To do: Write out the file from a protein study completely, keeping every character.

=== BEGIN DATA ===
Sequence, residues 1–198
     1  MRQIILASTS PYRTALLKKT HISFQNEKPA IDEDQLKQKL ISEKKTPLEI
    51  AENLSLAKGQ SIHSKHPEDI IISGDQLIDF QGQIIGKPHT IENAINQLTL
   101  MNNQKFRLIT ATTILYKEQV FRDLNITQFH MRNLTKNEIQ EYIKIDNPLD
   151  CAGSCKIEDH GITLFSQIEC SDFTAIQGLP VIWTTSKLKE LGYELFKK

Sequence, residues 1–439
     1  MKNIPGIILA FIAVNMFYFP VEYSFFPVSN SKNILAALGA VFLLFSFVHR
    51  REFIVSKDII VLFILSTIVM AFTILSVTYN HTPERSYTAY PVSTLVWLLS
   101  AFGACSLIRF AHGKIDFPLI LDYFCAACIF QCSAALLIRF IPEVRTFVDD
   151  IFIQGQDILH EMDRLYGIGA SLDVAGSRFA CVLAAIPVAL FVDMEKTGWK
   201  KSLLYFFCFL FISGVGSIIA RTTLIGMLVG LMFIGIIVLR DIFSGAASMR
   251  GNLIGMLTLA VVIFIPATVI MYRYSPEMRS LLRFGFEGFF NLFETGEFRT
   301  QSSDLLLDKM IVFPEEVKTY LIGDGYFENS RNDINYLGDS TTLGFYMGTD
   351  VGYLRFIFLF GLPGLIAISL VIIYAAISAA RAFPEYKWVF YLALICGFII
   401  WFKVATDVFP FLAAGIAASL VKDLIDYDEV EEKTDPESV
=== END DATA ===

Sequence, residues 1–198
     1  MRQIILASTS PYRTALLKKT HISFQNEKPA IDEDQLKQKL ISEKKTPLEI
    51  AENLSLAKGQ SIHSKHPEDI IISGDQLIDF QGQIIGKPHT IENAINQLTL
   101  MNNQKFRLIT ATTILYKEQV FRDLNITQFH MRNLTKNEIQ EYIKIDNPLD
   151  CAGSCKIEDH GITLFSQIEC SDFTAIQGLP VIWTTSKLKE LGYELFKK

Sequence, residues 1–439
     1  MKNIPGIILA FIAVNMFYFP VEYSFFPVSN SKNILAALGA VFLLFSFVHR
    51  REFIVSKDII VLFILSTIVM AFTILSVTYN HTPERSYTAY PVSTLVWLLS
   101  AFGACSLIRF AHGKIDFPLI LDYFCAACIF QCSAALLIRF IPEVRTFVDD
   151  IFIQGQDILH EMDRLYGIGA SLDVAGSRFA CVLAAIPVAL FVDMEKTGWK
   201  KSLLYFFCFL FISGVGSIIA RTTLIGMLVG LMFIGIIVLR DIFSGAASMR
   251  GNLIGMLTLA VVIFIPATVI MYRYSPEMRS LLRFGFEGFF NLFETGEFRT
   301  QSSDLLLDKM IVFPEEVKTY LIGDGYFENS RNDINYLGDS TTLGFYMGTD
   351  VGYLRFIFLF GLPGLIAISL VIIYAAISAA RAFPEYKWVF YLALICGFII
   401  WFKVATDVFP FLAAGIAASL VKDLIDYDEV EEKTDPESV